Acute laryngeal trauma: A review of 77 patients

John P. Bent, John R. Silver, Edward S. Porubsky

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Abstract

Acute laryngeal trauma is a rare injury. In the past 18 years, 77 patients with acute laryngeal trauma have been evaluated at our institution. Each patient's care was overseen by the senior author (E.S.P.). The 61 patients who were seen within 48 hours of their accident are compared with those treated after 48 hours. All patients are classified by both injury (groups 1 through 5) and treatment (types I through III). Results are reported for voice, airway, and swallowing. Our methods of evaluation and treatment are outlined, and controversial aspects of patient management are addressed. We conclude that conservative treatment of group 1 and 2 injuries is 100% effective, expeditious repair of laryngeal injuries greatly reduces poor outcome, and the type of injury can be used to roughly predict patient outcome. Further, with use of current methods of diagnosis and management, almost all patients will be decannulated (98%) with functional speech (100%) and normal deglutition (100%). (OTOLARYNGOL HEAD NECK SURG 1993;109:441-9.)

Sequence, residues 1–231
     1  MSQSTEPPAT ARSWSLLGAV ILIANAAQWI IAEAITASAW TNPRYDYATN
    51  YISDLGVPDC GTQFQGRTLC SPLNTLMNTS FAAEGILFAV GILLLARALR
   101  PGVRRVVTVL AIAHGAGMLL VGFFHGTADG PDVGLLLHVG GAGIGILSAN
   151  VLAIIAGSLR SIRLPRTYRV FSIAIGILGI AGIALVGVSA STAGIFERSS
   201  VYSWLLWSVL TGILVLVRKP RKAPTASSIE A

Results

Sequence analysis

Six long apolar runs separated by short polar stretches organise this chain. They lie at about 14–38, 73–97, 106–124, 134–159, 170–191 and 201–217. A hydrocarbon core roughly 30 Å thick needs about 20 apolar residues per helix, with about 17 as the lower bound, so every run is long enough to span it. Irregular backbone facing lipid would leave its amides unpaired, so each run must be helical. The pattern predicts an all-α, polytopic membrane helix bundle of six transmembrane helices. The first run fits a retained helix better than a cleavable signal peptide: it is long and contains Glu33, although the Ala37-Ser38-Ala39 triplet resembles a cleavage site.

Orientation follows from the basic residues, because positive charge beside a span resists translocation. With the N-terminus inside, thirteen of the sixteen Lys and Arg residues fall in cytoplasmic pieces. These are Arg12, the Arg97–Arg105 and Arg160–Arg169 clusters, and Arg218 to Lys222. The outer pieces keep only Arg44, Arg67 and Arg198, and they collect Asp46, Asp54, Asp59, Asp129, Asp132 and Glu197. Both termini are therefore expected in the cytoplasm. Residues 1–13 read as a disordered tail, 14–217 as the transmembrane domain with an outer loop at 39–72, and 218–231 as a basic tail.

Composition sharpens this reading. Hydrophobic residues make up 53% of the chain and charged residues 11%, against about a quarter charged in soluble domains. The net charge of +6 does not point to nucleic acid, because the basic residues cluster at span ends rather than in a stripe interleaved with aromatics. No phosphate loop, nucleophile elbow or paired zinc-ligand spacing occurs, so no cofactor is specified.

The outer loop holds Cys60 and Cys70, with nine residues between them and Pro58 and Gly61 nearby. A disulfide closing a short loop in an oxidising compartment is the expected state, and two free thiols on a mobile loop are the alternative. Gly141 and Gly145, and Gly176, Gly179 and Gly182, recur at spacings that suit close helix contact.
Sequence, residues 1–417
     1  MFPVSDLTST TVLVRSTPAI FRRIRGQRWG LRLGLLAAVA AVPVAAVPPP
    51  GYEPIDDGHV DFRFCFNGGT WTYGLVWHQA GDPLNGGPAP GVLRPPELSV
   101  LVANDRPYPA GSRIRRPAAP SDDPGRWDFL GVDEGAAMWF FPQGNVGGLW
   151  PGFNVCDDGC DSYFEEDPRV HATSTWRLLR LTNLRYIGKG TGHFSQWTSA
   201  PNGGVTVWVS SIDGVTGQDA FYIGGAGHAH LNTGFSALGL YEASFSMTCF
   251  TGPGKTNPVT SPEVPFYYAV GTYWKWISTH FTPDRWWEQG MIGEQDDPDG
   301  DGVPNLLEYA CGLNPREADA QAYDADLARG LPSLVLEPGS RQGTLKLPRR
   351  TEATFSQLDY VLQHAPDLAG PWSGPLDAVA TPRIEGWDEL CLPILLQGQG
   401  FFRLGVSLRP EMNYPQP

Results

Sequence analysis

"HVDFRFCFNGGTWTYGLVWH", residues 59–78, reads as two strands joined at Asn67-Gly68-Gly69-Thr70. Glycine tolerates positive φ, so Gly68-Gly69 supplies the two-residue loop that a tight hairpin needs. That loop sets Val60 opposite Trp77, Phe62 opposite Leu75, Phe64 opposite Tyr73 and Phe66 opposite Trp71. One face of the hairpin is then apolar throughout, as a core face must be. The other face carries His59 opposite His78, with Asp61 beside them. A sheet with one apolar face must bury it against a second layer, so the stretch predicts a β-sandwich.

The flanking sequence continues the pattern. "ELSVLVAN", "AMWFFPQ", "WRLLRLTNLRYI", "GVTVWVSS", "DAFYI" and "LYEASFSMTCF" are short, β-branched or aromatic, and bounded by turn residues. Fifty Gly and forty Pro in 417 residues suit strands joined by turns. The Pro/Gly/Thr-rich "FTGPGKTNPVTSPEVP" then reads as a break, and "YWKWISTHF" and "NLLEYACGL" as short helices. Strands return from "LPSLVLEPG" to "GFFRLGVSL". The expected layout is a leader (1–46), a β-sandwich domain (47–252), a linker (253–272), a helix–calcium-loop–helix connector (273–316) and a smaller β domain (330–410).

Original languageEnglish (US)
Pages (from-to)441-449
Number of pages9
JournalOtolaryngology-Head and Neck Surgery
Volume109
Issue number3
DOIs
Publication statusPublished - Sep 1993
Externally publishedYes

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ASJC Scopus subject areas

  • Surgery
  • Otorhinolaryngology

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